All of my tutorials are organised by difficulty level so make sure you jump in at the right difficulty for your skill levelI also recommend checking out FinalCutKing for cool VFX tutorials and short films!
Note that the tutorials videocopilot.net are fairly advanced so be prepared for a steep learning curve.Another great resource I recently discovered is Greyscale Gorilla . Greyscale Gorilla focusses more on motion graphics, 3D and particularly Cinema4D , but they do have a ton of great tutorials on After Effects on there as well that are definitely worth checking out.
There are distinct differences between Adobe Premiere and Adobe After Effects - or Final Cut Pro and Motion if you live in the Mac world - in terms of their purpose within your film making workflow.Adobe Premiere and Final Cut Pro are meant for organising, editing and exporting your final video projects.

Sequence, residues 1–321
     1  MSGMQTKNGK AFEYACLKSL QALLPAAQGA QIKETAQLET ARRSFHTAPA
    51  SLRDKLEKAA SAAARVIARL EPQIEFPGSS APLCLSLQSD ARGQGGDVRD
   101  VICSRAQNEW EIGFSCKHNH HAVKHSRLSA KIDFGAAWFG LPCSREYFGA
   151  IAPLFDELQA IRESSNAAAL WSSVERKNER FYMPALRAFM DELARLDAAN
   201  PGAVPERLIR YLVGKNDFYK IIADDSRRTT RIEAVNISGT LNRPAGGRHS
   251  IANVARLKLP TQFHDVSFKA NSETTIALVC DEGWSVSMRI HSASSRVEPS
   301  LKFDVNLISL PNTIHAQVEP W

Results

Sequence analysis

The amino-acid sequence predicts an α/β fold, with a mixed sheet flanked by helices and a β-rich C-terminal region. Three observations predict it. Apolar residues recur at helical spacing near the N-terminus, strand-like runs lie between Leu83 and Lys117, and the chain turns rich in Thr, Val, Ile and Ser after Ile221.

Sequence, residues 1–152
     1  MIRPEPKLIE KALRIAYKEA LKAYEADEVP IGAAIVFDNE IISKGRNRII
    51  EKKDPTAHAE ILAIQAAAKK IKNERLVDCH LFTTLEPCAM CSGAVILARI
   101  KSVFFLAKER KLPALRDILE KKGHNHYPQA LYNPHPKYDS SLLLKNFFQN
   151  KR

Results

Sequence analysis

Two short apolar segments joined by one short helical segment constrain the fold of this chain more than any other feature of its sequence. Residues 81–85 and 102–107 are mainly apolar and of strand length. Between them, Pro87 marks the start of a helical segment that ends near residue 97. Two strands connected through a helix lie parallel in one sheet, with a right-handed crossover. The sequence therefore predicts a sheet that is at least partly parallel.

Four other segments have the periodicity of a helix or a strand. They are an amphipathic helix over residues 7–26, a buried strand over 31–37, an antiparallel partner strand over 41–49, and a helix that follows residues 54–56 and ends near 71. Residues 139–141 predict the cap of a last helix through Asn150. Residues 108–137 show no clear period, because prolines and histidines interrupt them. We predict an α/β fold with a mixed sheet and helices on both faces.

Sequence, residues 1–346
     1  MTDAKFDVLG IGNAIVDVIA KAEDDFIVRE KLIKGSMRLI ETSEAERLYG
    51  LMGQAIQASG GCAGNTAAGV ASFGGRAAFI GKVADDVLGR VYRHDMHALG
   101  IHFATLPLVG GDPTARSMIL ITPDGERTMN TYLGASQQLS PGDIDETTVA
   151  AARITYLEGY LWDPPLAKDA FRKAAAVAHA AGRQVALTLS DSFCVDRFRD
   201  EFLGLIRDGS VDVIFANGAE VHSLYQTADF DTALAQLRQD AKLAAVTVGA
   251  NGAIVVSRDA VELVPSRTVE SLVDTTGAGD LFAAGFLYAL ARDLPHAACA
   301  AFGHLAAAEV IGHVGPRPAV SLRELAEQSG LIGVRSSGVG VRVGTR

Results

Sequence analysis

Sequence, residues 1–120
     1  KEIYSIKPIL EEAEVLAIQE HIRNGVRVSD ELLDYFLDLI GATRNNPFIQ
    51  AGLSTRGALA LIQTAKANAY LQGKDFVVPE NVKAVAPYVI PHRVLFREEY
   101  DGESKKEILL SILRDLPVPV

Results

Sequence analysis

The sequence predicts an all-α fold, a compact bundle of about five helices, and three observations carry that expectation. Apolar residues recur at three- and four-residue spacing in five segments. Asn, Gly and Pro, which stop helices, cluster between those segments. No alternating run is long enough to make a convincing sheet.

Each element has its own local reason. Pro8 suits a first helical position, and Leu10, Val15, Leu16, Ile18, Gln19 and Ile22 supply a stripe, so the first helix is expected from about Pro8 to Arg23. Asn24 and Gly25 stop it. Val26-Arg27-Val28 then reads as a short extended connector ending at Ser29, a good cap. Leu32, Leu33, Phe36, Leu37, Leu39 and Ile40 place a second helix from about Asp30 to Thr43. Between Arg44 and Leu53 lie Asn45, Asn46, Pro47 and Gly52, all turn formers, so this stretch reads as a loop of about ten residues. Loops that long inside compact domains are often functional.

They are not meant to be used to add visual effects and have limited functionality past the standard transition, colour and audio effects. From my experience, Final Cut Pro does offer some more advanced effects than Premiere, but for full scale VFX, you should be using Adobe After Effects or Motion.After Effects and Motion are professional software tools designed to composite visual effects. They support blending together multiple layers of video using sophisticated tools for rotoscoping, blending, filtering and more. As such they are not meant for extensive editing and have limited functionality for organising and putting together larger projects.
Personally, I organise and edit my content in Adobe Premiere and then add visual effects over individual edits (clips) in After Effects. From After Effects I then export the completed VFX video files and re-import them back into Premiere for the final project export. I do my final export from Adobe Premiere.
Now let's jump into After Effects to look at some of the common issues that users of After Effects can encounter when trying to create masks!